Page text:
Illinois Sparks an Electricity Efficiency Cluster
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Editor's Note: This series takes a close-up look at the SBA's economic "clusters" designed to aid regional businesses.
The Midwestern state that launched the political careers of Presidents Lincoln and Obama isn’t as well known for its leadership in electric grid technology. But because of its position at the forefront of the industry, Illinois has been awarded more than $1.5 million from the Small Business Administration as part of its regional cluster initiative to support startups working on electric grid innovations.
After the initial investment of $600,000 in both 2010 and 2011, the cluster received another $385,000 in 2012, with the potential for four years of additional funding beyond that.
The Illinois Smart Grid Regional Innovation Cluster has used the funds to provide support to small startups developing technology to help modernize and update Illinois' electric grid, the network for delivering power from suppliers to businesses and consumers.
Illinois has become a national leader in technological developments to provide greater reliability and efficiency for what is being called the “smart grid.” In the past three years, nearly $4 billion has been invested in Illinois for energy efficiency, improvement of the grid infrastructure and development of green technologies.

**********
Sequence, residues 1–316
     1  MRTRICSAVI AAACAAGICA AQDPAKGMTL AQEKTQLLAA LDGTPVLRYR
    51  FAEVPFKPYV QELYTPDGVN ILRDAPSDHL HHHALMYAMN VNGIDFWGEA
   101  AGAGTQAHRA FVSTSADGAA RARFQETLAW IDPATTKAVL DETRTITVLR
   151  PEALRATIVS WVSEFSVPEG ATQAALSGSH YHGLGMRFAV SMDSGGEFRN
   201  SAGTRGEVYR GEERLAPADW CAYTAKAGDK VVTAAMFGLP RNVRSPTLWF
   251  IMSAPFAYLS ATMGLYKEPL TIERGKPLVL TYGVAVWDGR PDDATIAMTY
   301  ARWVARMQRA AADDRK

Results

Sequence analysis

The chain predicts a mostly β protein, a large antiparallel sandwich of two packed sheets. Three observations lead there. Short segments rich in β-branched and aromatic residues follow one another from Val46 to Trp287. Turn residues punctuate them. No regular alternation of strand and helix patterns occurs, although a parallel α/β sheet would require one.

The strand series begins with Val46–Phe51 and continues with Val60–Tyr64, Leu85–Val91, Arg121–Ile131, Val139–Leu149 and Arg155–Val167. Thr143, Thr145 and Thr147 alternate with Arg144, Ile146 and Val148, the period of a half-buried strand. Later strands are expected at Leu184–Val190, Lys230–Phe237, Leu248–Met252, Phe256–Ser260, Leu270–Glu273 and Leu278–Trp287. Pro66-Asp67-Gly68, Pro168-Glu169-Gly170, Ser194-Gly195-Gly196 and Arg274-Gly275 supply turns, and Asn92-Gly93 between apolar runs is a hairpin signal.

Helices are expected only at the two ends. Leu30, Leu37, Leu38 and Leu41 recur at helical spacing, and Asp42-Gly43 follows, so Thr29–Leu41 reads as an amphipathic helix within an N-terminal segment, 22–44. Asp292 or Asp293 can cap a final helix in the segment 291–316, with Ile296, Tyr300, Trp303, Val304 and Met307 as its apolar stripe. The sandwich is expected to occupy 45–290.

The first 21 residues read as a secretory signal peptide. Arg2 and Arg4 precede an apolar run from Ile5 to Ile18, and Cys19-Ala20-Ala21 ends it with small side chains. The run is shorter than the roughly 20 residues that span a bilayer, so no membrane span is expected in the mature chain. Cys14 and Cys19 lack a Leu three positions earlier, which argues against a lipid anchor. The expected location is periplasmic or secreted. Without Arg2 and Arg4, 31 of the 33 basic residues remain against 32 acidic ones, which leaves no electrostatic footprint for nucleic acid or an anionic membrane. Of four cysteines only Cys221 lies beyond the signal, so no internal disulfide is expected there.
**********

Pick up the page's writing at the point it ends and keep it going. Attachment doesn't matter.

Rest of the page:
The lion’s share-- $3.2 billion – came from the state’s two largest utility companies, Commonwealth Edison Company and Ameren Corporation. The Illinois Energy Infrastructure Modernization Act, passed by the Illinois Legislature in 2011, made the investment possible by allowing utility companies to raise rates.
“That is a big money play,” says David Baker, the project director for the SBA-funded cluster. “Other states are slowly moving in that direction, but we are kind of first.”
The Illinois cluster, which started in 2010 and is younger than the other clusters in the SBA pilot, primarily used its money to help early-stage startups. For example, the cluster worked with students still in graduate school, who needed a lot of handholding to turn their ideas into businesses--everything from learning how to pitch investors to building their first websites. Because each startup needed so much assistance, the Illinois cluster has worked with only about 14 companies, fewer than some of the other clusters.
With the first two years of SBA funding, the Illinois cluster helped its member companies receive investments of between $10 million and $11 million and create about 20 jobs, Baker says.
Chicago-based Intelligent Generation, one of the startups the Smart Grid cluster supported, has created a software program that connects to the hardware of the electric grid and allows a home or business to capture solar energy, store the energy in batteries and release it to the grid when needed. The software enables big-box retailers, for example, to lay solar panels along their flat roofs and make money by selling the energy to the grid.
As part of the cluster, Intelligent Generation was able to set up its solar panel and battery prototype on academic buildings at the Illinois Institute of Technology and demonstrate it to potential clients. The cluster also helped Intelligent Generation get access to graduate students to do market research. Intelligent Generation says it has a pipeline of customers and expects to start generating revenue by next February.